I would recommend something like the following:
The <<timed>> macro has no issues working with fractional- or sub-second delays—either specified in seconds or milliseconds; e.g. 1.5s, 1500ms, 0.5s, 500ms.
Where did you get the idea that it couldn't?
I feel like I should probably stop answering these questions, haha. Thanks for the code.
Disabling the button and forwarding with JQuery; strange how it always seems so obvious after the fact.
Probably a half-baked internet blog. I thought that <<timed>> used CSS time values, and I read somewhere, sometime that CSS time values had to be integers. Looking it up real quick and it's clear that the thing I read at some point (or made up and convinced myself of, who knows) about time in CSS was absolutely not true.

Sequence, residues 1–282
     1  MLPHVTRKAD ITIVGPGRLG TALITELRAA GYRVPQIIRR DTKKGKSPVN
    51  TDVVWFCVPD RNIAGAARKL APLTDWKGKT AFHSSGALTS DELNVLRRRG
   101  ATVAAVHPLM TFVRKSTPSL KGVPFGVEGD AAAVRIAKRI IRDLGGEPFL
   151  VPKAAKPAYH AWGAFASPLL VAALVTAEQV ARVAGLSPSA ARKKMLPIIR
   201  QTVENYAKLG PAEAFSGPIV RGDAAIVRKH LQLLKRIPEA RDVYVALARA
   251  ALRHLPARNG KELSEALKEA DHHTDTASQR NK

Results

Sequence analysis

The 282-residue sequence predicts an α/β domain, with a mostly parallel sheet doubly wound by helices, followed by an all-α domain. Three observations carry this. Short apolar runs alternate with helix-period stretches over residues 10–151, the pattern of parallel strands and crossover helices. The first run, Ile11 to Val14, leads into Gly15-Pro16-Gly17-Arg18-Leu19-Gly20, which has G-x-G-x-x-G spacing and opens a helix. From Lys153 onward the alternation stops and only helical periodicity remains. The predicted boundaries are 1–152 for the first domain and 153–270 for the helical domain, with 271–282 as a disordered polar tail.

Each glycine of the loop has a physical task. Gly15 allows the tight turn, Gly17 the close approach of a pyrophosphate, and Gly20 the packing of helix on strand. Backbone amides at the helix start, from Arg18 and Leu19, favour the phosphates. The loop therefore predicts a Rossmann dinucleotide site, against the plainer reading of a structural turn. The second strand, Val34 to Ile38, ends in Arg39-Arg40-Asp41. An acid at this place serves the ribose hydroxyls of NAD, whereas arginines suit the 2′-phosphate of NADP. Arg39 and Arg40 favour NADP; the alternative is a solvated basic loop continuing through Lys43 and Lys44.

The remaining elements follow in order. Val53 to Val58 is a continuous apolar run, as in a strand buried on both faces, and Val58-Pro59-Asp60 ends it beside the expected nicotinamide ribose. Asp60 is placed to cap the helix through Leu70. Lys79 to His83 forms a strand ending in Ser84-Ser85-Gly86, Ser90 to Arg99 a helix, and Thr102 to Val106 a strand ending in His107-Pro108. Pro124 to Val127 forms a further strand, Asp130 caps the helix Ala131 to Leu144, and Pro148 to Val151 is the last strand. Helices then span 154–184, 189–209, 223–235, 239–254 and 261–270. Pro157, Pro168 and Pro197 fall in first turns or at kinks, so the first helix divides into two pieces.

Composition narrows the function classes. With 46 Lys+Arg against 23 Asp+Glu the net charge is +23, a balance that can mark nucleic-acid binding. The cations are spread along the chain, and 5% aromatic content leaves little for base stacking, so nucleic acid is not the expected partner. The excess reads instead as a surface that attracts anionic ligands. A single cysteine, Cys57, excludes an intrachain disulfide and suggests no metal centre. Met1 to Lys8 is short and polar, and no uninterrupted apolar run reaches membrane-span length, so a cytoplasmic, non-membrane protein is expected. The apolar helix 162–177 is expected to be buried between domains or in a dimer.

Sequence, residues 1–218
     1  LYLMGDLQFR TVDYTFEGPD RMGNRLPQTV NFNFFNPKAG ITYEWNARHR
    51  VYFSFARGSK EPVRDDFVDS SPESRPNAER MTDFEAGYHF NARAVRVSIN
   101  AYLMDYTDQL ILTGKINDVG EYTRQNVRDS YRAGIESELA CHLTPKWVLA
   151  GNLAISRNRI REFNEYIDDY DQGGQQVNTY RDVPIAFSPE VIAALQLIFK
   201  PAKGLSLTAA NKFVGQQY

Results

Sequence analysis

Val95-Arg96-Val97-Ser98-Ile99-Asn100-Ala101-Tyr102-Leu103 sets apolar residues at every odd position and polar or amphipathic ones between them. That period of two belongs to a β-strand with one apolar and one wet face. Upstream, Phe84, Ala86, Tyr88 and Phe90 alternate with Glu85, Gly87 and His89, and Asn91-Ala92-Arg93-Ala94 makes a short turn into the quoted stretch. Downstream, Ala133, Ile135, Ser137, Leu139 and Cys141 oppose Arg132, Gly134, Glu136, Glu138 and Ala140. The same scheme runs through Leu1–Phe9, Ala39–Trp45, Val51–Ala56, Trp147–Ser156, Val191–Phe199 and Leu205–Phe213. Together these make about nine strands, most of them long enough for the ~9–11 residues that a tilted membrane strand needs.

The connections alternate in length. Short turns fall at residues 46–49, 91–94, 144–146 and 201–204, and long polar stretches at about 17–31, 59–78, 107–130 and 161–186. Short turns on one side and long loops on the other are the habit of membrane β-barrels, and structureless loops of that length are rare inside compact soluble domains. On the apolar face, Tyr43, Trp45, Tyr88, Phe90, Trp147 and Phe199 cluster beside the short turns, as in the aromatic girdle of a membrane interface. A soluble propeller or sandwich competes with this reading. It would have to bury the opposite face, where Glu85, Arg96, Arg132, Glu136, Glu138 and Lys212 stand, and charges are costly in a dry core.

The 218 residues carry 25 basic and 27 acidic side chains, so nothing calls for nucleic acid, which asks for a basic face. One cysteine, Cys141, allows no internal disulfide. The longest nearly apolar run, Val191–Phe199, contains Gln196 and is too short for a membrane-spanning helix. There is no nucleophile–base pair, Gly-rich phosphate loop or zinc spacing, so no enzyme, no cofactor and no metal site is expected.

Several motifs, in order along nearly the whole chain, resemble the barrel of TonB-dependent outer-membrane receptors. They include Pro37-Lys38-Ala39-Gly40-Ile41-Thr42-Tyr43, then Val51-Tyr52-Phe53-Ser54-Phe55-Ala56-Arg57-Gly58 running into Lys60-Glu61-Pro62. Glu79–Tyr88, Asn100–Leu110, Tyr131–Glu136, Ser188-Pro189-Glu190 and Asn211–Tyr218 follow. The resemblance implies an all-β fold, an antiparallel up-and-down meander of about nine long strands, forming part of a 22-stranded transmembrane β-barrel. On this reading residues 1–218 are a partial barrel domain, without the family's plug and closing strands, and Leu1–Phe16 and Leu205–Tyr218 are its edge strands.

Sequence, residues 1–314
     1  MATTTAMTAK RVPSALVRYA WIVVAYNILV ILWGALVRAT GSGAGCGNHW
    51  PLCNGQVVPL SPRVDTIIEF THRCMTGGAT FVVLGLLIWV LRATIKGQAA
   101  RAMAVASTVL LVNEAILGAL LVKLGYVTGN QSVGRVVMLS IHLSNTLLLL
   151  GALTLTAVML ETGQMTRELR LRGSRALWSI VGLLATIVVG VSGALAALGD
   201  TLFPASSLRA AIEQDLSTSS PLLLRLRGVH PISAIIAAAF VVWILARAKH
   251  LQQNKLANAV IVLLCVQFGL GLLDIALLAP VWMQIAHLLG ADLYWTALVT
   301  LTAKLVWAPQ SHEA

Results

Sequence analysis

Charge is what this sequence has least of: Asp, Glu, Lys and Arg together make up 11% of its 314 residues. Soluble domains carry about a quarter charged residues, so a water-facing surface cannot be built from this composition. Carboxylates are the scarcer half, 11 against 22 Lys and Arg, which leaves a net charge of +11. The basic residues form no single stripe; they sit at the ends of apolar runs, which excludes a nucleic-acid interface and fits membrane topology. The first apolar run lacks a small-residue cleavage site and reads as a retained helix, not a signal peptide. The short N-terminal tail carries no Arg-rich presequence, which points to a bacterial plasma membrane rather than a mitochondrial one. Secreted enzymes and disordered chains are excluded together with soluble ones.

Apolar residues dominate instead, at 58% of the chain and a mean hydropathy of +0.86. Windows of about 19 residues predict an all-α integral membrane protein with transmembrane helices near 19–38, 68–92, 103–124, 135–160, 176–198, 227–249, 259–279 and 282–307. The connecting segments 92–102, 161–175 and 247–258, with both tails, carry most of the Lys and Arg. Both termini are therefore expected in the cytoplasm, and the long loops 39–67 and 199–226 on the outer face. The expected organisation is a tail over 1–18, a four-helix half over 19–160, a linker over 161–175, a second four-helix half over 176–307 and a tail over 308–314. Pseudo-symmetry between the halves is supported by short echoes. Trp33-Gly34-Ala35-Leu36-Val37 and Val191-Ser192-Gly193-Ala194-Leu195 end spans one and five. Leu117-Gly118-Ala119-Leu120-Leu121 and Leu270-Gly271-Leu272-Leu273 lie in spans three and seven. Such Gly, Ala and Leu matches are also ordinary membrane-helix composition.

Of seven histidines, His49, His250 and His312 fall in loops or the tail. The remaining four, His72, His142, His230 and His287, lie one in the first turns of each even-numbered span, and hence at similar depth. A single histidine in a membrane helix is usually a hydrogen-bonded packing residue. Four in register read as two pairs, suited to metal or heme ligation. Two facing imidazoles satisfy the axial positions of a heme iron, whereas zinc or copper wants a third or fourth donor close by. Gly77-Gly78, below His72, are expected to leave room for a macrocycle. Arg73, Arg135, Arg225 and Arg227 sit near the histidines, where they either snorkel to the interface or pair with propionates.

Should've double checked before posting that.
This is what I threw together from the stuff you guys gave me. For ref:
Meshing together the code from TheLastExile with the stuff from Chapel in one of my usual Frankenstein experiments. Aiming to create a timer where the button is always visible, you've got to click when it rests within a certain range (60% to 80%), and if you click at the wrong or right time it triggers failure or success instantly. I'm aiming for the speed in which the timer depletes to be a variable, like the first bit of code.
EDIT: Trying this has resulted in another flashy mess. o_o I'll try again later.
The jQuery readiness callback normally gets the hammer from me fairly quickly because of how pointless it generally is within user code and how often people recommend it. I also have a particular distaste of cargo cult programming, which is often the reason behind its recommendation, so that's likely a factor as well.
Which is great, because 'for want of a nail' is perfectly applicable to an upcoming tabletop session I'm running.
Not a huge deal, but might as well minimize code anywhere you can. Otherwise it looks good.